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Kamai bumper repair


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I got this original kamai bumper for little money.

Anyway, it needs a few repairs around the mounting holes.

Any tips for doing this ?

I didn't want to add any thickness to the mounting flange but I don't think I'll have much choice 

 

Thanks

 

 

bumper.thumb.jpg.9a753cf92664286fa1ad0895bbad4e88.jpg

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Cut the old flange off flush with top edge of the 'bumper', position it in place on the valance and check fit and trim as necessary. Once happy, coat the valance with release agent (wax or other). Clamp and secure the dam in place and fiberglass a new flange under the upper lip and down the valance, about 2-3 inches down to ensure the curve and angle of the dam to valance. To make this part of the job easier, prepare the cloth, wet it down and place it on the underside of the dam with the valance inches extending. With help, place the dam up to the valance and reach up (a roller will help) and smooth the glass to the valance.

Let it cure, remove dam and trim/sand edges of the new flange and reinforce it with more cloth/glass. 

For install. place the dam and mark the valance at upper edge, remove dam and drill the valance for fasteners. Replace dam, mark the new flange for holes and drill flange. Final install and use stainless bolts/washers/nuts. 

A bit of work, but will allow you to seal and fair the dam to the valance seamlessly for a very professional look. Supports from the bottom edge back to the lower edge of the valance are suggested for rigidity.

Edited by OldRoller
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'Once in a while you get shown the light, in the strangest of places if you look at it right'

Robert Hunter, Scarlet Begonias.

 

Gunther March 19, 1974. Hoffman Motors march 22 1974 NYC

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That would definitely make it easier!

 

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'Once in a while you get shown the light, in the strangest of places if you look at it right'

Robert Hunter, Scarlet Begonias.

 

Gunther March 19, 1974. Hoffman Motors march 22 1974 NYC

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Simplest solution — don’t use the old mounting holes, make new ones in the good areas in between. Then just do a non-structural fill-in of the missing chunks…or run edging trim over that whole edge deep/long enough cover up the missing bits..

 

Pierre’s replica of the Kamei has an extended and reinforced mounting edge, as tear-through was a common fault with the small Kamei edge.

Edited by visionaut
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Where we goin’? … I’ll drive…
There are some who call me... Tom too         v i s i o n a u t i k s.com   

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Old Roller, Is fiberglass OK to use on ABS plastic? In the past I have used a strip of 1/16 aluminum cut to the flange height to sandwich the flange to the car painted black it looked fine.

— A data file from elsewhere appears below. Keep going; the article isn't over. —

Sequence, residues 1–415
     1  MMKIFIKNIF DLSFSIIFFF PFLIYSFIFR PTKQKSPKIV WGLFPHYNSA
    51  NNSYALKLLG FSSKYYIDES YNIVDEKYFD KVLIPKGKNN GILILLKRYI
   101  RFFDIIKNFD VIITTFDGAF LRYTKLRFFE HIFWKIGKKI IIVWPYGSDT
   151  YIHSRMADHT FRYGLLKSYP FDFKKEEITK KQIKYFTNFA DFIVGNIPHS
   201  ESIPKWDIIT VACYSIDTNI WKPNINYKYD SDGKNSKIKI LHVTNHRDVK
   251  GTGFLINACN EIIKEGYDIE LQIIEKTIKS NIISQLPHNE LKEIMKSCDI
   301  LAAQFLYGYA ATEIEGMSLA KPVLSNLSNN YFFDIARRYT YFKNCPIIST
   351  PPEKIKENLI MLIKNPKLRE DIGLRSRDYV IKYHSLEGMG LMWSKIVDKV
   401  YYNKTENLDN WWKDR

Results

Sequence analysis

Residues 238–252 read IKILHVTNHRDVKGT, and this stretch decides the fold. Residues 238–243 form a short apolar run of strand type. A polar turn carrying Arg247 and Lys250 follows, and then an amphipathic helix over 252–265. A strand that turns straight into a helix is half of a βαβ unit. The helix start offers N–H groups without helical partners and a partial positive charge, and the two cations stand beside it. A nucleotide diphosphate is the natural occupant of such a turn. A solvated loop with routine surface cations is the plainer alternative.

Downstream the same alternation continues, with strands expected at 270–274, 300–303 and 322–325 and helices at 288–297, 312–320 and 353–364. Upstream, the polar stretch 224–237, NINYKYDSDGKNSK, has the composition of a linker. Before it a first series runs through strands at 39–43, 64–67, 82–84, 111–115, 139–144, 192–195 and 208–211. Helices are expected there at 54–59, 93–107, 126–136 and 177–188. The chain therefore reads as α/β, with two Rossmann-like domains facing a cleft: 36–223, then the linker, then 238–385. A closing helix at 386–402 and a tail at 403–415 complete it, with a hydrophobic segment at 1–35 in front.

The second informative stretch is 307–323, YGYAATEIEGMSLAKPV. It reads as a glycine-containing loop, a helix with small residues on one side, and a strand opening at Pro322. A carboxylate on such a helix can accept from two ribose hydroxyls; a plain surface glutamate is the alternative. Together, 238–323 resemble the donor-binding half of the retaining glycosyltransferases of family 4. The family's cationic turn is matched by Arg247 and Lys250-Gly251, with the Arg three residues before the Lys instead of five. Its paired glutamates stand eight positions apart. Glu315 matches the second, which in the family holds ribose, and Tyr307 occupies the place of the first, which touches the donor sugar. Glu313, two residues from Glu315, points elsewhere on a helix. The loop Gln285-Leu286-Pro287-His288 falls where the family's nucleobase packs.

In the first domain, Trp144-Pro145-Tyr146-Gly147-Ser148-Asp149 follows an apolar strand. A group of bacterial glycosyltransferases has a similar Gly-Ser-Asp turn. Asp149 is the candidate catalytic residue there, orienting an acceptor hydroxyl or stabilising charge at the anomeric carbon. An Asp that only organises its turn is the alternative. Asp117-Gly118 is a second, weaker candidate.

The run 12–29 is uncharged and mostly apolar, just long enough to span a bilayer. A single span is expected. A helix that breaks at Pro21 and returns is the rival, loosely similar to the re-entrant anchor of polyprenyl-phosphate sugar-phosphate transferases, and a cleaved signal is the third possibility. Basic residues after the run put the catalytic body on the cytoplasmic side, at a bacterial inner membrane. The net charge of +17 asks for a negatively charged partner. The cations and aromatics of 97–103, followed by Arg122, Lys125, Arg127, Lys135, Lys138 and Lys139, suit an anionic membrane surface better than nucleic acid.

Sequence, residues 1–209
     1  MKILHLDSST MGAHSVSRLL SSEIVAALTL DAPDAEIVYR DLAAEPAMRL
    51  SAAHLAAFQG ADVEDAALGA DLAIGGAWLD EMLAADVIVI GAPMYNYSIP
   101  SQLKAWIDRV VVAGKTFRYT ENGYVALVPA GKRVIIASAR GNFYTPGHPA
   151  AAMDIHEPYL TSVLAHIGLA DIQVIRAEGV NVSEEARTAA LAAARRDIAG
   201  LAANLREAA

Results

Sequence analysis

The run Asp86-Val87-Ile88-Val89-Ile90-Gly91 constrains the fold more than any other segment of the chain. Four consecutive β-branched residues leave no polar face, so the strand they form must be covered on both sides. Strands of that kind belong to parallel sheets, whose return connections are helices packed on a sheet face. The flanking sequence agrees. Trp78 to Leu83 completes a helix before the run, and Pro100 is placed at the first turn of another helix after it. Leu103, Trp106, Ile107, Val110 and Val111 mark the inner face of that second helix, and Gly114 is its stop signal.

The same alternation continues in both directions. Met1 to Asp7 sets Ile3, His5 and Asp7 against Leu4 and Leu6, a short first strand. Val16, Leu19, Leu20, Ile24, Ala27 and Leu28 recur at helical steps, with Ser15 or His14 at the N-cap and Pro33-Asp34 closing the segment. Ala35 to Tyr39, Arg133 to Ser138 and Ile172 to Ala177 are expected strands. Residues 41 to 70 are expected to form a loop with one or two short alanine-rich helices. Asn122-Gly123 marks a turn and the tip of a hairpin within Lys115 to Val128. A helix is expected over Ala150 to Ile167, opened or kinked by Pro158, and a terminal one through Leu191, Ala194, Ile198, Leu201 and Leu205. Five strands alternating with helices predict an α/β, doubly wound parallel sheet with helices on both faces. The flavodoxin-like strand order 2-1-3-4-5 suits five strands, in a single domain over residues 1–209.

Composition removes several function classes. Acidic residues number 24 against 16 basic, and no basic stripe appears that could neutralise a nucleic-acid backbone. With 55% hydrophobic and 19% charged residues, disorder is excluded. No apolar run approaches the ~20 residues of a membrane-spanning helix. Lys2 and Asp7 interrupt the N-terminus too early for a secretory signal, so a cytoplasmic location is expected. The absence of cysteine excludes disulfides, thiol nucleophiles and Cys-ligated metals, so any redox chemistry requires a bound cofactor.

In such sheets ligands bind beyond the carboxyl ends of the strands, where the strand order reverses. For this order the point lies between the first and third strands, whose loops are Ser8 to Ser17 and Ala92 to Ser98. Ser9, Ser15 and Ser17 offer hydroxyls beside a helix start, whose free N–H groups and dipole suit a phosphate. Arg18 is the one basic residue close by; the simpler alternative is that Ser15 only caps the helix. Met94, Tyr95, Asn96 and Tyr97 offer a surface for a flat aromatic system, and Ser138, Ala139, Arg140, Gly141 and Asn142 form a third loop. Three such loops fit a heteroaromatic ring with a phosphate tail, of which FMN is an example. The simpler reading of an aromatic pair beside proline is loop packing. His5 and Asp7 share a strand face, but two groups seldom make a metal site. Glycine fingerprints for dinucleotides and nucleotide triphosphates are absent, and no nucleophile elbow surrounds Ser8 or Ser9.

If everybody in the room is thinking the same thing, then someone is not thinking.

 

George S Patton 

Planning the Normandy Break out 1944

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I assumed your Kamei was fiberglass... the Pierre rep that I got was, I guess originals were ABS. If you use fiberlass cloth, saturate it with Epoxy resin (like West System) not polyester resin, and increase the coverage under the lip. Thoroughly clean the underside. 

Another method I have used on ABS is to make a slurry of ABS and acetone (small pieces soaked in about 150 ml of acetone in a sealed bottle until it melts) and spread it...but I have only done small repairs like this. 

Perhaps a better and less messy fix is to use aluminum L angle, riveted to the underside lip. You may have to use small sections (or split the horizontal  edge and bend) to match the curvature of the valance. I would probably use this method with flat rivets to make the fairing of the joint easier and it would hold up better long term than epoxy or ABS slurry. Mechanical bond vs chemical!

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'Once in a while you get shown the light, in the strangest of places if you look at it right'

Robert Hunter, Scarlet Begonias.

 

Gunther March 19, 1974. Hoffman Motors march 22 1974 NYC

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😁 Glad I could pass on some knowledge gleaned by many years of total screw-ups! In the course of decades in the marine and auto field I have been forced to glue screw bang bond hammer attach frivolously many components and items of wide definition in use and importance. Some have failed miserably. Others have stood the test over many years. I think most successes included a large dose of luck... but all failures resulted in lessons learned. 

We are a tenacious sort. Nothing incites necessity of action like failure.

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'Once in a while you get shown the light, in the strangest of places if you look at it right'

Robert Hunter, Scarlet Begonias.

 

Gunther March 19, 1974. Hoffman Motors march 22 1974 NYC

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More good ideas there @OldRoller.

I'm leaning towards the aluminium L profile.

6/8 of them combined with some longer brackets on the bottom should make for a solid fixing.

I think I'll use SS rivnuts .

Of course I'll update here when I do the job. It's a little ways down the list !

 

Thanks again 

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